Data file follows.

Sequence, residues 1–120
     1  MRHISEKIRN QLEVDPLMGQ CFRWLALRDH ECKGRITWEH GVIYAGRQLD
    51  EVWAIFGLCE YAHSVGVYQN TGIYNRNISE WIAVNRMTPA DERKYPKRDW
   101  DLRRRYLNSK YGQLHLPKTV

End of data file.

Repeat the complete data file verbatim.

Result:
Sequence, residues 1–120
     1  MRHISEKIRN QLEVDPLMGQ CFRWLALRDH ECKGRITWEH GVIYAGRQLD
    51  EVWAIFGLCE YAHSVGVYQN TGIYNRNISE WIAVNRMTPA DERKYPKRDW
   101  DLRRRYLNSK YGQLHLPKTV